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Ceol Le Chéile mental health project 'doubly pleasing'

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Eimear Bradley and Brian Doody participated in the Search for a Star at the Wallis Arms Hotel, Millstreet last weekend. The event is in aid of the North Cork branch of Cystic Fibrosis Ireland.

Eimear Bradley and Brian Doody participated in the Search for a Star at the Wallis Arms Hotel, Millstreet last weekend. The event is in aid of the North Cork branch of Cystic Fibrosis Ireland.

Eimear Bradley and Brian Doody participated in the Search for a Star at the Wallis Arms Hotel, Millstreet last weekend. The event is in aid of the North Cork branch of Cystic Fibrosis Ireland.

MINISTER Micheál Martin was in the Cork School of Music last week to launch an evaluation report on a project initiated four years ago to improve the quality of service at mental health centres in the city and county.

The Ceol le Chéile music in mental health project originated in the Cork 2005 European Capital of Culture, when 32 arts projects took place in over 40 healthcare settings throughout Cork.

The former Minister for Health outlined how a number of people had made the point to him that they wanted the European Capital of Culture to be an event that all people could access.

"It's doubly pleasing to see that out of that there is a legacy in terms of more enduring projects," said Minister Martin.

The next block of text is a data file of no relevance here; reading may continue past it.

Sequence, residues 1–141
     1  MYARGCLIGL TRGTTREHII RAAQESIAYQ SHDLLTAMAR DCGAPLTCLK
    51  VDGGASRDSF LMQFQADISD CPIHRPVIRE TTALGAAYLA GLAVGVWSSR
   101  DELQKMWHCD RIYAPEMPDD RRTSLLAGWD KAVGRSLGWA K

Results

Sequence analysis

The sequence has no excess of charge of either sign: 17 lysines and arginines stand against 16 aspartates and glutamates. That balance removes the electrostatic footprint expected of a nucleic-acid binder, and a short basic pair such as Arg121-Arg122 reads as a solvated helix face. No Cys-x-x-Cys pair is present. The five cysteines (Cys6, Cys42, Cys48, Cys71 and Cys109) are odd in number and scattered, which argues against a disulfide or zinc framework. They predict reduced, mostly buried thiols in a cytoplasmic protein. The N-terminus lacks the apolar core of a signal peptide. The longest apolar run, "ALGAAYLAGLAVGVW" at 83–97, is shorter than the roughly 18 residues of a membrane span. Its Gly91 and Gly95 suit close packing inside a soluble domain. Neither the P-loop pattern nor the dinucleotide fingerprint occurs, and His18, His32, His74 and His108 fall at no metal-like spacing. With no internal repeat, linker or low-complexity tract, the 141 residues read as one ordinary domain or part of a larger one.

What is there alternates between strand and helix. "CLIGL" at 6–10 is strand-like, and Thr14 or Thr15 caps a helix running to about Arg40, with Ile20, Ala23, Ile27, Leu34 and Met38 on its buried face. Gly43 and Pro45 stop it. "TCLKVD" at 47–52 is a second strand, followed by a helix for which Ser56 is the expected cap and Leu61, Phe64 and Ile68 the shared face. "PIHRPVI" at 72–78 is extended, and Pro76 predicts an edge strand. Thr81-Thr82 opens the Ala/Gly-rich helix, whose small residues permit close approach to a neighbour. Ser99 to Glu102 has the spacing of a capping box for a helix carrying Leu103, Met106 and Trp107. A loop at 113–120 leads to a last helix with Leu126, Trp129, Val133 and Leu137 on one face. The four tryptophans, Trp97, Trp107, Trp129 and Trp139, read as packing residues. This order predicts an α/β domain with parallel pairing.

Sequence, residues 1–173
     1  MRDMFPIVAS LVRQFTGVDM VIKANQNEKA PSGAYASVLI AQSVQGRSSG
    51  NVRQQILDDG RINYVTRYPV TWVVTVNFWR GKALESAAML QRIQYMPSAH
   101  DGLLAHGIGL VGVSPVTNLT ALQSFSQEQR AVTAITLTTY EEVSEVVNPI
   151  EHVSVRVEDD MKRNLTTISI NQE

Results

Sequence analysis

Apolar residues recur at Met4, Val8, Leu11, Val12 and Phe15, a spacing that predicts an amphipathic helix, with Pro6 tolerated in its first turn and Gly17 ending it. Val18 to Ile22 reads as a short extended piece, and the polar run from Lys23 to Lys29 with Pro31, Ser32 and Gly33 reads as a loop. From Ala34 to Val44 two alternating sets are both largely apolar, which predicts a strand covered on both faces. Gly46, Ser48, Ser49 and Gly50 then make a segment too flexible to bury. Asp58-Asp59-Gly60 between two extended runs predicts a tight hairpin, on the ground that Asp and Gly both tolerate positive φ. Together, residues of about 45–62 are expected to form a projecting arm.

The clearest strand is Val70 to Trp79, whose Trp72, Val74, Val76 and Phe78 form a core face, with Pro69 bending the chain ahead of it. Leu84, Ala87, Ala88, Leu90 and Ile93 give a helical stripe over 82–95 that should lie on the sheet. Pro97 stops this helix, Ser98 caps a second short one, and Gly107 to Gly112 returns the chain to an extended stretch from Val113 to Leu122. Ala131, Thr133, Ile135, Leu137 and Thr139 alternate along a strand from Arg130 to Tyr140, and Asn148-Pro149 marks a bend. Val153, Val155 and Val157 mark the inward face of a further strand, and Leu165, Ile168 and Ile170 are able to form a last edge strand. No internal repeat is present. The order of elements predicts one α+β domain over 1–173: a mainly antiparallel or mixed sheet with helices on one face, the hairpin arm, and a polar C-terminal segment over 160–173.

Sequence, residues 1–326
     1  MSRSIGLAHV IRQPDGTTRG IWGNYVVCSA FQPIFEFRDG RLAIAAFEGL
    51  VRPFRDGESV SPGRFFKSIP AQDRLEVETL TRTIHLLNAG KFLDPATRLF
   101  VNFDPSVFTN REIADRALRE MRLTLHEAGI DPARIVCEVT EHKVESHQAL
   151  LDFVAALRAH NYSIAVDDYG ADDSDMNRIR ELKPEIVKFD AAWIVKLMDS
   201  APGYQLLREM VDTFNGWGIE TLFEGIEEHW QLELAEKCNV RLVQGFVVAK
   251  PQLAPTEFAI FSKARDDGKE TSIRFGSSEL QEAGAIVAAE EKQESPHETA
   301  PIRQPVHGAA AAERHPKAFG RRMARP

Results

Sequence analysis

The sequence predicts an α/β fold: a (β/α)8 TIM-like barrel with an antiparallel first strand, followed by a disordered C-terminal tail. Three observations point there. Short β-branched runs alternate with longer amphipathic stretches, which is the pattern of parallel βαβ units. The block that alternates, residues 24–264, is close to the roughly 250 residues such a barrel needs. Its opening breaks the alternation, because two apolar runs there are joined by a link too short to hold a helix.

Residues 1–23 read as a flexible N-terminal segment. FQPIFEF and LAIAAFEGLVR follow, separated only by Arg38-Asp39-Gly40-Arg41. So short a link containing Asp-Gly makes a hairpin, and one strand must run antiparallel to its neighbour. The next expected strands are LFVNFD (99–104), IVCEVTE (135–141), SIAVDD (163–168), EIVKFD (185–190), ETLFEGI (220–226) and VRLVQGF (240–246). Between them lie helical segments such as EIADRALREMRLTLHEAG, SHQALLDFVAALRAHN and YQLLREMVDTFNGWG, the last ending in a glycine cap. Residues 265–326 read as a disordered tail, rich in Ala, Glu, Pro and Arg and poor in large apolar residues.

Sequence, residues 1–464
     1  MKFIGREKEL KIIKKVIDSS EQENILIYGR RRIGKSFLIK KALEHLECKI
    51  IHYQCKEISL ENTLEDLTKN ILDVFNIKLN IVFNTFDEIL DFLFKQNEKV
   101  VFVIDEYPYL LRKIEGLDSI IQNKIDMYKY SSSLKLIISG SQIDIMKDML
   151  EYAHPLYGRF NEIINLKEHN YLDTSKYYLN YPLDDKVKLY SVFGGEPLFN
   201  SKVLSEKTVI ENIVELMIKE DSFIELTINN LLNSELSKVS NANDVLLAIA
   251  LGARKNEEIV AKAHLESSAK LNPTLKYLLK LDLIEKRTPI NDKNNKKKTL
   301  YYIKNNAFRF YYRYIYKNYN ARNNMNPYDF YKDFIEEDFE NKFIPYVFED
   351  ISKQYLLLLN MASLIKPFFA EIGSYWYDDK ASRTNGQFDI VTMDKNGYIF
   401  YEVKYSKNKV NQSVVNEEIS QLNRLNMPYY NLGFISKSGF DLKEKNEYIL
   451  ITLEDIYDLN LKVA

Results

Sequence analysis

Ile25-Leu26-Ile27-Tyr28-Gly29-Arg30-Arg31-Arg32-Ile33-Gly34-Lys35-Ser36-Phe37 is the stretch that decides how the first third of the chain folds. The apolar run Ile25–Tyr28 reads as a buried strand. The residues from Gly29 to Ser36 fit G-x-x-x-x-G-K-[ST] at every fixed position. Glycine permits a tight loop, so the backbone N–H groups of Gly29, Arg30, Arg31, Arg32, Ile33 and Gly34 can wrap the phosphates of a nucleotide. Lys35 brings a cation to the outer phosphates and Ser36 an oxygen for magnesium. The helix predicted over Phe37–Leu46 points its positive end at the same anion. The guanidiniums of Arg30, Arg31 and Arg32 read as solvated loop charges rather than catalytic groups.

Cork Arts and Development Programme developed out of the HSE South partnership with Cork 2005, and the music in mental health project was piloted in the Cúnamh Day Centre in Macroom, as well as the Adult Mental Health Unit at Cork University Hospital.

Music workshops for service users were conducted by county Cork based percussionist, Kevin Shanahan, and there were learning days for staff who continue to work the project themselves at the various centres.

"Music is far more than entertainment, and those of us involved in this work on a regular basis see that music opens so many doors, particularly for people in healthcare settings," said Kevin Shanahan.

Two service users at the evaluation report launch stood up and spoke, something they said the could not imagine doing before, of how the Ceol le Chéile project was of great benefit to them in their lives.

"The course gave me something to look forward to, and week by week I got more confident, I began to feel more at ease with people there, and made great friends," said Belinda.

"Ten years ago I could not imagine playing the bodhrán, and definitely not the African drums," she told the audience.

The author of the evaluation report on the Ceol le Chéile project, Mike White, who is a Senior Research and Development Fellow in Arts in Health at the University of Durham, says the retention of a part-time co-ordinator is important if the initiative is to remain energised, and that there is a need to establish musical instrument banks in each setting.